This is a picture of ESMT books and working papers

Publications

ESMT Berlin publishes in international academic journals, which are first-class in their respective fields. Research also provides cutting-edge and profound insights for the business community as well as the classroom through managerial publications and case studies. This rare integration of research and practice makes ESMT Berlin an outstanding location for generating relevant and ground-breaking knowledge.

Journal Article

Linear social interactions models

Journal of Political Economy 123 (2): 444–496
Lawrence E. Blume, William A. Brock, Steven N. Durlauf, Rajshri Jayaraman (2015)
Abstract:
Subject(s): Economics, politics and business environment
Keyword(s): Social interactions, identification, incomplete information games
JEL Code(s): C21, C23, C31, C35, C72, Z13

This paper provides a systematic analysis of identification in linear social interactions models. This is both a theoretical and an econometric exercise as the analysis is linked to a rigorously delineated model of interdependent decisions. We develop an incomplete information game that describes individual choices in the presence of social interactions. The equilibrium strategy profiles are linear. Standard models in the empirical social interactions literature are shown to be exact or approximate special cases of our general framework, which in turn provides a basis for understanding the microeconomic foundations of those models. We consider identification of both endogenous (peer) and contextual social effects under alternative assumptions on a priori information about network structure available to an analyst, and contrast the informational content of individual-level and aggregated data. Finally, we discuss potential ramifications for identification of endogenous group selection and differences between the information sets of analysts and agents.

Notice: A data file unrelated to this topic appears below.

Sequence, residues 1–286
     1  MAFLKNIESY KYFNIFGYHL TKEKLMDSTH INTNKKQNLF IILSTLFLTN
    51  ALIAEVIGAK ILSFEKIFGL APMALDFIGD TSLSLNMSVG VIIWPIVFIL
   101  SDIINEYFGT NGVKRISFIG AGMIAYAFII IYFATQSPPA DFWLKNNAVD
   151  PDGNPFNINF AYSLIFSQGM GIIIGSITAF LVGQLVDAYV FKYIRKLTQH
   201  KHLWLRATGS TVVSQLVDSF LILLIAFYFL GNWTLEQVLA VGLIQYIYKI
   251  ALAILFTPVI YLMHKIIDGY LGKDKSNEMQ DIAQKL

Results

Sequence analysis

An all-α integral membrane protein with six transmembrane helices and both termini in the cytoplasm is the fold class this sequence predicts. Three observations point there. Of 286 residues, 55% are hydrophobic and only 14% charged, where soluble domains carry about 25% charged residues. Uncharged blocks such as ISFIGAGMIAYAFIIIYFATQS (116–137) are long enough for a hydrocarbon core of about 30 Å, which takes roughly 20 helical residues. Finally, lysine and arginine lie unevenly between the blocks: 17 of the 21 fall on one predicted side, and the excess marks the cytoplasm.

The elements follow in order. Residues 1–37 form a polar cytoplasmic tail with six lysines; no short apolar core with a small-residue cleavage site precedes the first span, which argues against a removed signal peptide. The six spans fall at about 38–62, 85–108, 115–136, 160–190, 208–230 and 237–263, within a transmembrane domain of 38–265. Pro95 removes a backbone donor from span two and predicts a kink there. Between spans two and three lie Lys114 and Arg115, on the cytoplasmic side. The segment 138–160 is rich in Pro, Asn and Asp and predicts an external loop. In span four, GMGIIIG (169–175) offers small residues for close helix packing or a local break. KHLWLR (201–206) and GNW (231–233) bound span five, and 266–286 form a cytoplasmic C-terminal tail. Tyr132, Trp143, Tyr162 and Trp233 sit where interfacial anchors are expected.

With permission of the University of Chicago Press

Volume 123
Issue 2
Pages 444–496

Journal Article

Two birds, one stone? Positive mood makes products seem less useful for multiple-goal pursuit

Journal of Consumer Psychology 25 (2): 296–303
Anastasiya Pocheptsova, Francine Espinoza Petersen, Jordan Etkin (2015)
Abstract:
Subject(s): Marketing
Keyword(s): Goals, product evaluation, positive mood

Negotiating the pursuit of multiple goals often requires making difficult trade-offs between goals. In these situations, consumers can benefit from using products that help them pursue several goals at the same time. But do consumers always prefer these multipurpose products? We propose that consumers’ incidental mood state alters perceptions of products in a multiple-goals context. Four studies demonstrate that being in a positive mood amplifies perceptions of differences between multiple conflicting goals. As a consequence, consumers are less likely to evaluate multipurpose products as being able to serve multiple distinct goals simultaneously. We conclude by discussing implications of these findings for marketers of multipurpose products.